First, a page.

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When you bought your car three years ago, you thought it was the most comfortable on the market… but three years later, those seats are just killing your back. Or maybe things have changed, and you’re not meant for each other anymore, now that you have a wife and a couple of kids.
There may be a million reasons for wanting to end your car loan early and, depending on which applies to you, you’ll have to figure out if it’s really the best option for your finances. To begin with, here’s a little compendium on what you can expect if you do decide to go through with it.
Yes, no, maybe? Well, it can depend on a number of factors. You can start by thinking about the following:
You have two main ways of getting out of a PCP deal:
This can be a solution if you can’t afford the payments anymore and can do without the car. It allows you to return the car and walk away without paying any extras.
However, you’re legally entitled to this only if you’ve already paid off half of the overall cost (which includes the car value plus interest and fees). This clause can be a lifesaver if you’re experiencing financial difficulties, but unfortunately it doesn’t apply in a lot of cases. Because of the way PCPs are structured (with a fairly big balloon payment at the end if you want to keep the car), usually you’ll only have paid off half of the overall cost towards the end of your loan.
Voluntary termination is also a better option if the car has depreciated more than expected and you don’t want it anymore. That’s because if you pay off the whole sum early instead, you’ll end up becoming the owner of a car that’s worth less than you’ve paid for.
If you have quite a chunk of money to invest in this, it’s a viable option. You can get in touch with your finance company and ask for a settlement figure to terminate your loan. The settlement amount will include all the money you still owe, plus (in many cases) a fee to compensate the company for the interest you’d have paid if you continued the loan. You’ll also need to cover the balloon payment.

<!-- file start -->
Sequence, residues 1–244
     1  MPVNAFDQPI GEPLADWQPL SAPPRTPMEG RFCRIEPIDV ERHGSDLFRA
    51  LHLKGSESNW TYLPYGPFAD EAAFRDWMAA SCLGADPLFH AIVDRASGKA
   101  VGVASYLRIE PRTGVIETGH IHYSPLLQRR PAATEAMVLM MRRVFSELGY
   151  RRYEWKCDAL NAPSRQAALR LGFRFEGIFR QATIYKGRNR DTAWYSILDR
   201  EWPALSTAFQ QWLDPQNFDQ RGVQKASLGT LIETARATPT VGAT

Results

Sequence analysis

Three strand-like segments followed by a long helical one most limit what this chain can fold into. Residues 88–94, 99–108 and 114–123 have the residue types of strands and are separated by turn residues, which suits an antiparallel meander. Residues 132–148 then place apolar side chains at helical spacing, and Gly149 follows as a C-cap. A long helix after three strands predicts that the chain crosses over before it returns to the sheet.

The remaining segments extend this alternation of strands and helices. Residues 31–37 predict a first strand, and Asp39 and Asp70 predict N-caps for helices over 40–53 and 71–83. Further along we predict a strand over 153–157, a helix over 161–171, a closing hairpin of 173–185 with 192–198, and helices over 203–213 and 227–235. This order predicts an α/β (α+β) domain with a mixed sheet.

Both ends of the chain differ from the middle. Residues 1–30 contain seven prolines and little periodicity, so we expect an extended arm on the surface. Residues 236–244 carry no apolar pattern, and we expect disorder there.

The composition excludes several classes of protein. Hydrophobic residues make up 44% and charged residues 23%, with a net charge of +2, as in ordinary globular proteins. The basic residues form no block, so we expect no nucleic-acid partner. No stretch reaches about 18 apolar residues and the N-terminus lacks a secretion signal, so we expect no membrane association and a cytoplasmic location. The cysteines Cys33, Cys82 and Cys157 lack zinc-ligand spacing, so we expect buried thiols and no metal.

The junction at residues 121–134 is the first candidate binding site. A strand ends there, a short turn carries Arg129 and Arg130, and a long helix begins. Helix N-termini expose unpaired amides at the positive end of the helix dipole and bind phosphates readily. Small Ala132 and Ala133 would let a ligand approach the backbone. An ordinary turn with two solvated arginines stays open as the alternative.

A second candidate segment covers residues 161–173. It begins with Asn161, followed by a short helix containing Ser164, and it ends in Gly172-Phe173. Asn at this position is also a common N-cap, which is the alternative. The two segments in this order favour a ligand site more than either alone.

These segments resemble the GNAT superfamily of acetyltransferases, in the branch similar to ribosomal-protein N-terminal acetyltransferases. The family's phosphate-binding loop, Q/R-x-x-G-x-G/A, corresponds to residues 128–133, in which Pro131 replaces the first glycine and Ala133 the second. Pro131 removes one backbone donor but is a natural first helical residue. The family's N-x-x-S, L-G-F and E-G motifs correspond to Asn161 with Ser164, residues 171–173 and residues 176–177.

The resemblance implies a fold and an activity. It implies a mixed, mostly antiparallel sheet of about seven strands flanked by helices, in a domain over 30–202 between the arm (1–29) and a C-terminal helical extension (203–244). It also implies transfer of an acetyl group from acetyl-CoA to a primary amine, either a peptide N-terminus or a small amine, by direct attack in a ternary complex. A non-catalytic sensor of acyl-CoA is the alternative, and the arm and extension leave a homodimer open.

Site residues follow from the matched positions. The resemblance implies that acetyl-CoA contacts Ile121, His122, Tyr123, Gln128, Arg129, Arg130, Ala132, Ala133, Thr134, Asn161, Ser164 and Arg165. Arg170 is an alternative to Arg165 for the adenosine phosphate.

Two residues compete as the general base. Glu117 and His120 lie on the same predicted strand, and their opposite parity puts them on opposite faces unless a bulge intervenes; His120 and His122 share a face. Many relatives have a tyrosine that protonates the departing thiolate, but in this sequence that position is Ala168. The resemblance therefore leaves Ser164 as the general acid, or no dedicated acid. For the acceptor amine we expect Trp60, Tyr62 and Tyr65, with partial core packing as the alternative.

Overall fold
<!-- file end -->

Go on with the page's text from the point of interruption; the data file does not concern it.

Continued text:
Once you’ve paid the whole sum, you’ll become the owner of the car. You can then:
With HP, your options are similar to what you can do if you want to end a PCP deal.
Just like with PCP, you can return the car and walk away without paying anything more if you’ve already covered at least half of the overall cost.
The main difference is that HP doesn’t entail a balloon payment and comes with higher monthly payments, so you’ll usually reach that point earlier. Moreover, with HP you borrow more money than with PCP, so if you return the car early you’ll save more on interest.
However, keep in mind that if you’ve already paid back more than half of the car’s value (which is more likely to happen with HP), you won’t be entitled to compensation.
Similarly, if you have a lump sum to invest, you can pay off your HP and become the owner of the car. Your settlement figure will be the outstanding amount of the loan plus a fee, which can’t be charged if you’re only repaying early £8,000 or less. If you’re repaying more, the fee is capped to the lower between:
If the lower of the two is the remaining interest, you won’t have saved any money by paying off the loan early. Like with PCP, once your debt is settled and you’ve effectively bought the car, you can either keep it or resell it, depending on its value and your needs.
Warning: late repayments can cause you serious money problems. See our debt help guides.
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